The Duggars are known for being niche. Unlike mainstream culture that gets many of its dos and don’ts from the media and entertainment industries, their tight-knit family — which has scene some controversy and friction in 2020 — draws inspiration from their church community and religious values. That means the Duggars also have strict rules for their children (stricter than most), where other children might have some leniency in their upbringing.
Take, for example, the Duggars’ belief in how a woman should present herself. Girls of the family are expected to dress in modest clothing, with long skirts, dresses, and loose blouses that cover the bust. And women and men don’t “date” before marriage, but rather “court” with the end goal of a religious union in mind. There are also limitations around internet use, which the Duggar children have limited access to growing up.
While these conservative rules have seemed odd to some (with even some Duggar children revolting after marriage), perhaps the most strange, and widely-criticized, practice begins at a very young age for the Duggar kids.
What is 'blanket time,' according to Michelle Duggar?
According to The Hollywood Gossip, Michelle Duggar, the matriarch of the family and wife to patriarch Jim Bob Duggar, practices “blanket training” on her children. The rumor, cited on a Patheos blog, has it Michelle Duggar said on the family’s first show, 14 Kids and Pregnant Again, that the practice involved leaving a child on a blanket for a period of time and punishing any movement outside of the blanket with the swatting of a wooden spoon.
According to pictures from The Sun, Michelle even wrote about the practice in her book, The Duggars: 20 Kids and Counting, saying it was a way to instill “self-control” in children, and that the training begins “early in their lives.” “The practice has been a blessing to us in so many ways,” she wrote. “Our only regret is that we didn’t hear about it until our second set of twins were toddlers.” For the older children, the same practices is called “sit-down time,” when the child “quietly sits and plays with a single toy for a specified time in one place.”
The Sun reports that Michelle said she never physically hit her kids during this practice.
The Duggars' 'blanket training' has questionable origins
Blanket training is a method that was introduced prior to Michelle Duggar, by Michael and Debi Pearl, who have been closely associated with the Duggars in the past, as per Blasting News. In their book, To Train Up a Child, the Pearls advocate hitting the child with branches, according to the Daily Mail. The practice is supposed to start young.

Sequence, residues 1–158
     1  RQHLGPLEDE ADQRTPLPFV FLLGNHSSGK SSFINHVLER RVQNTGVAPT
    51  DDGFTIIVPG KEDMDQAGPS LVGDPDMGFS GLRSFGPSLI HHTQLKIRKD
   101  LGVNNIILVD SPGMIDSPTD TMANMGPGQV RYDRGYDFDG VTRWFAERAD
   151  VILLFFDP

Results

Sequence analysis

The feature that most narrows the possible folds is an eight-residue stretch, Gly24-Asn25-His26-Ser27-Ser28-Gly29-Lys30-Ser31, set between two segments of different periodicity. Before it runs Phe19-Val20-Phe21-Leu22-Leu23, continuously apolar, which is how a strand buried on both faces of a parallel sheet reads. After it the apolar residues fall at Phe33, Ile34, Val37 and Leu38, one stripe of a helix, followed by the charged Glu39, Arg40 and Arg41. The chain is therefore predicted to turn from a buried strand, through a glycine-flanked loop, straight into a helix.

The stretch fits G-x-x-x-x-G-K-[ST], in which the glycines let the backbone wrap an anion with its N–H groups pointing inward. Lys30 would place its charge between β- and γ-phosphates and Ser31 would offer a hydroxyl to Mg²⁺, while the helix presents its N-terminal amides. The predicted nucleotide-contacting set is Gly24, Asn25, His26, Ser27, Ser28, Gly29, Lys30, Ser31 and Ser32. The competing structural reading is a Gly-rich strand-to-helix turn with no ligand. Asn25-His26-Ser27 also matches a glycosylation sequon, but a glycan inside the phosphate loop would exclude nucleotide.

“Training is the conditioning of the child’s mind before the crisis arises; it is preparation for future, instant, unquestioning obedience,” the book’s first chapter reads, according to the BBC. To Train Up a Child has been popular among evangelical Christians in the United States, outside mainstream Christianity, like the Duggars.
The book has been associated with abuse and the deaths of at least three children, as per BBC. The parents were thought to have been influenced by the teachings of the book, which has received much pushback.
But Michael told BBC that he doesn’t believe the book can trigger abuse. “No court, judge, police or child protection service has ever accused us of doing anything that was an endangerment to children,” he said. “There’s no way that a person who reads the book could be led to violence. That may not prevent violence if that’s part of their nature, but it’s not going to lead them to do something that’s contrary to their own set of values.”
What do others think of 'blanket training'?
Perhaps it is the seemingly violent origins of blanket training that have made the Michelle Duggar uses controversial.
On one hand, the practice has been adopted by others. According to screenshots acquired Patheos, one mom found the practice a “tip” that “babies can be trained.” “I need this,” another mom commented.
But it has also received pushback, and sometimes from the Duggars themselves. Amy Duggar, for example, spoke out this year against the practice on Instagram. “I want my child to roam free and to feel safe doing so!” she wrote, adding that she and her husband believe “a blanket should be used for comfort only.” “Children need love and acceptance and praise,” she said, noting that there is “a fine line between re-direction and abuse.” Amy has been estranged from her parents, according to E! News.
Parents online also encourage those who are adopting the practice to use other methods, like speaking to children with patience and gently correcting their behavior, Patheos’ screenshots show.
If you or someone you know may be the victim of child abuse, please contact the Childhelp National Child Abuse Hotline 24/7 at 1-800-4-A-Child (1-800-422-4453) or contact their live chat services at www.childhelp.org/hotline.
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